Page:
Dear Dan: My Boss Says People are Afraid of Me
My superintendent told me I’m not getting the position.
He said, “You have great ideas, but take it slow. And he repeated, “Take it slow. Don’t rush anyone. I like your ideas, but you make people afraid of you.”
How should I take this?
Thanks for your advice. I always read your blog when I wake up on the morning.
I’ll never forget when someone said, “I think you like to intimidate people.” Ouch! I think of myself as a fuzzy teddy bear. She thought I was a grizzly bear.
The feedback you would like to reject is often the most useful.
Leaders intimidate, even if they don’t intend to. For small-hearted leaders, making people squirm is a power-trip. But that’s not who you aspire to become.
Painful feedback provides an unexpected perspective on yourself.
4 dangers of unintended intimidation:
- Fear silences. People won’t tell you you’re intimidating because you’re intimidating.
- Fear makes people agree just to avoid confrontation.
- Fear makes people aggressive. You may experience unnecessary push-back.
- Fear motivates, but you won’t bring out someone’s best by consistently making them afraid.
7 ways to respond to painful feedback:
#1. Accept the confusing difference between intent and impact. You don’t intend to intimidate others, but others feel intimidated.
#2. Thank your superintendent. You’re fortunate to have someone who speaks the truth to you.
#3. Clarify the feedback. “Could you give me some examples?”
#4. Reject defensiveness, explanations, and excuse-making.
It doesn’t matter that feedback seems unfair. Just listen and explore.
There’s a grain of truth in feedback, even if it seems off base.
#5. Establish importance. Ask your superintendent, “On a scale of 1 to 10, how important to my advancement is dealing with this issue?”
#6. Talk this over with trusted colleagues.
#7. Lower intimidation with relationship-building.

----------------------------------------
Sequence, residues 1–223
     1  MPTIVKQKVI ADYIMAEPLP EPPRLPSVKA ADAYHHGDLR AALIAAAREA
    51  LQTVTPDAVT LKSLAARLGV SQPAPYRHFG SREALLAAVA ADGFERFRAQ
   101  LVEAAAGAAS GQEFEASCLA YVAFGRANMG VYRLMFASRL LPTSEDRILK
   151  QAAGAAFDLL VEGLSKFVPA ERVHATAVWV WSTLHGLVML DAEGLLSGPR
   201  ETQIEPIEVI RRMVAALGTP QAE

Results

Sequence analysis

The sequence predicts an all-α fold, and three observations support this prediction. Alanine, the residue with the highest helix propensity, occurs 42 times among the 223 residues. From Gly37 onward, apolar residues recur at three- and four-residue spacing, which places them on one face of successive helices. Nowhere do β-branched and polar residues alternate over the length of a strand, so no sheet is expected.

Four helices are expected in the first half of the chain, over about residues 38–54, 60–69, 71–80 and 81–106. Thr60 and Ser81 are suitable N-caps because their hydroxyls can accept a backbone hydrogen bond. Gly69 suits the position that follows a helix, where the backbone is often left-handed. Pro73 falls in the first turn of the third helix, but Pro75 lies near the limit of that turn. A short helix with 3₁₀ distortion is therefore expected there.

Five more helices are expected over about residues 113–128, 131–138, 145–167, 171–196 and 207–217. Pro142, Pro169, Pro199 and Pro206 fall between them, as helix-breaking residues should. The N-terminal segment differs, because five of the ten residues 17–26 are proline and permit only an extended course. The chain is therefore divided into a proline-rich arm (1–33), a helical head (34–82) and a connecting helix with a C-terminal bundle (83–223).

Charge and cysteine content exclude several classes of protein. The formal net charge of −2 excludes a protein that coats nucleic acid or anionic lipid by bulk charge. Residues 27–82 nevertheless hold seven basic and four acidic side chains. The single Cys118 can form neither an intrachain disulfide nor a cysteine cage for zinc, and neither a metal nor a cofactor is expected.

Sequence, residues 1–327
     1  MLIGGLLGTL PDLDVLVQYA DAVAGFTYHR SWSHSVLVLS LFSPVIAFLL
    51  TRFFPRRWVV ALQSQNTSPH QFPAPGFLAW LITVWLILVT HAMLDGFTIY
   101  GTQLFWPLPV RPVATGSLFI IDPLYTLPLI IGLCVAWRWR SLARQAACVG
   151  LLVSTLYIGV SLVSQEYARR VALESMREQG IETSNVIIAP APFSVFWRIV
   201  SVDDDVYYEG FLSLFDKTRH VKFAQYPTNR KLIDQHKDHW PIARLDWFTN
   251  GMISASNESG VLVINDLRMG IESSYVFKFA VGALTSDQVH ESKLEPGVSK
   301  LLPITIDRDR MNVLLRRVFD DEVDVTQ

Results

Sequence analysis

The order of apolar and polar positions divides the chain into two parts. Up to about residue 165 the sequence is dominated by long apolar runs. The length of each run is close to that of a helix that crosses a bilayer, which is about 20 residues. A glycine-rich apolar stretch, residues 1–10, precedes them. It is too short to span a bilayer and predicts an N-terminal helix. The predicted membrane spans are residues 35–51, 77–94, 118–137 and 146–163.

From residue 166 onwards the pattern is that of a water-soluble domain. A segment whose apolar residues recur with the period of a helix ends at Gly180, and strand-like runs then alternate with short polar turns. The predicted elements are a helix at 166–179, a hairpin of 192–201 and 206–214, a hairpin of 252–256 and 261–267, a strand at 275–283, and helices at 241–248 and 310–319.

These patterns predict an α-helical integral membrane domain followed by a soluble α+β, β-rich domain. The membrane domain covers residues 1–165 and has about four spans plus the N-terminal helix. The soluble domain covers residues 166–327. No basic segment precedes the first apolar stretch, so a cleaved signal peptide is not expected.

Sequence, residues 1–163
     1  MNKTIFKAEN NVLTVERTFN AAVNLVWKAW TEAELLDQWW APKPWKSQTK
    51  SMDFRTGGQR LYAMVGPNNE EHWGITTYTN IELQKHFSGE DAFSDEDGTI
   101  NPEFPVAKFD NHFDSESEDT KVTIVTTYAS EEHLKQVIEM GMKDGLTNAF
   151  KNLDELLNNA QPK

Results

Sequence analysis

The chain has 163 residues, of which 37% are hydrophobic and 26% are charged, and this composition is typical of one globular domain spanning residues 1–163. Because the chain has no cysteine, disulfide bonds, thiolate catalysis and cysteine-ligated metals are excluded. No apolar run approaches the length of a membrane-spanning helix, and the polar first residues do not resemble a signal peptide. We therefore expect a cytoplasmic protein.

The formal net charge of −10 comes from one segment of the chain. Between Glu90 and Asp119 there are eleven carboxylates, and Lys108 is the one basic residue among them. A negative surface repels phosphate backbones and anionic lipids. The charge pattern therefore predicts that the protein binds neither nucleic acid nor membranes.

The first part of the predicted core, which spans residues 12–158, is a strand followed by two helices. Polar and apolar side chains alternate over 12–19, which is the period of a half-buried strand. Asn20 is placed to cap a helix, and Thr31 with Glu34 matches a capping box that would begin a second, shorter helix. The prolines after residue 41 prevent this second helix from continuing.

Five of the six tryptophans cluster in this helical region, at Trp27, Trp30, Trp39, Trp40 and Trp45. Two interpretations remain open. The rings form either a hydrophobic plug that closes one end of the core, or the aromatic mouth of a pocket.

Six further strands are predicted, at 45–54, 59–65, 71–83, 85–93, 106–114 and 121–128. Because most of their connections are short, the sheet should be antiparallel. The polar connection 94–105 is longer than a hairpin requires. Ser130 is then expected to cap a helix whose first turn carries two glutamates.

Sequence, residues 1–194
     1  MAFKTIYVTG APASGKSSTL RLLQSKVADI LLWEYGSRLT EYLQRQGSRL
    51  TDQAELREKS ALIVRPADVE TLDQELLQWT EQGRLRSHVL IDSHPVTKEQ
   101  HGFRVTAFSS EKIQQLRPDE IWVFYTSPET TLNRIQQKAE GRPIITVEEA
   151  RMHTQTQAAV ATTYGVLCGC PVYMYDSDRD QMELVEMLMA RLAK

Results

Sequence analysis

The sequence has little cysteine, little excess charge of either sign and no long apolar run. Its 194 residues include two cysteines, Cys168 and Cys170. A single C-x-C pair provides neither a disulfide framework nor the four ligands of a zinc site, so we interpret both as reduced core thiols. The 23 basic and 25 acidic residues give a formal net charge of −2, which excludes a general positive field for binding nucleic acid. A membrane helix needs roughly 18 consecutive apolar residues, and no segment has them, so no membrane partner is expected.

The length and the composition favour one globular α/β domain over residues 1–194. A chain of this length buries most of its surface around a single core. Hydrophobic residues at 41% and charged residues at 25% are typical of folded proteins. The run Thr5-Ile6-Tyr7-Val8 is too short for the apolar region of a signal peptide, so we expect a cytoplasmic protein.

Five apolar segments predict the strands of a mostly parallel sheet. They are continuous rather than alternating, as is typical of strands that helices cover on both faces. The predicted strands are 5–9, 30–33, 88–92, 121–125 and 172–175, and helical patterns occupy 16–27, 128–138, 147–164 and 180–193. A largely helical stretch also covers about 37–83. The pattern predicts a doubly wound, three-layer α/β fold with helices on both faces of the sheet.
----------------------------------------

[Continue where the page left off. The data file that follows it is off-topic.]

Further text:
- Give yourself extra time when walking from one meeting to another so you can pause and say ‘hi’. Being in a rush is intimidating.
- Eat in public places.
- Smile. Maintain gravity but stop frowning.
- Practice gentle curiosity. Aggressive curiosity is intimidating.
What suggestions do you have for Unintended Intimidator?
(I don’t count the question in my 300 word limit.)
How to be less Intimidating (Lifehacker)
How to Communicate Without Intimidating (Our Everyday Life)
What to Do When Your Coworkers Find You Intimidating (Glassdoor)
I always enjoy your posts but I wonder about #5… If the super took the time to tell you about it, isn’t that establishing importance? That’s like a student asking me, after I’ve made an assignment, “How important is this assignment to my passing the class?” Honestly, the mere asking of the question seems arrogant. So you’ve pointed out this flaw in me but in the big picture is it really something I need to address? Would the super have bothered if it wasn’t important?
Thanks Susan. Great points. I see where the tone of the question could be a problem. My goal is to help the person who is receiving tough feedback to see how important it is.
The person receiving the feedback may think it’s low on the priority scale. But is someone tells them it’s an 8 out of 10 it might be a wake up call.
Glad you jumped in.
Another good post. I’ve seen where this approach — a pretty forceful, possibly intimidating stance — is often valued when a person is brought in to help remedy a tough situation and bring about change. However, it often turns out that once the immediate crisis is over, that tact is not welcome, and then the person is confused by the removal of the praise they had come to know and love. It’s never good to be seen as intimidating and supervisors need to start out with the values of respect and dignity — while holding people accountable. That should work a whole lot better!
Thanks Mary Ellen. Great insights. We have to consistently value people whether in good times or stressful.
One question to ask people is, “What makes you feel respected?”
Being in a rush or “Rammy” as we label it, has issues that need to be addressed as pointed out.
Depending on the environment or task at hand always being in a rush can cause turmoil, injuries, poor or out of control decisions. If the Superintendent and the workers has these labels of you, I think you need to step back and look in the mirror and reboot yourself.
Ask yourself what was the circumstances? How many times has this happened? What is the core of ones rushing to get done? Give yourself an honest evaluation.
Granted some processes are fast paced in manufacturing for ex. the production lines run, the environment is fast and somewhat automated, yet we control the pace.
Perhaps see what you can do to change your pace?
Best of luck.
Thanks Tim. Love your insight about constant rush. “Hurry UP” is useful occasionally, but it’s not a sustainable strategy.
My first thought was “Wow, I want to work for that superintendent! It sometimes seems like direct feedback is rare. I would bet that how they use this particular feedback will determine in large part if they get the next open position. What an opportunity!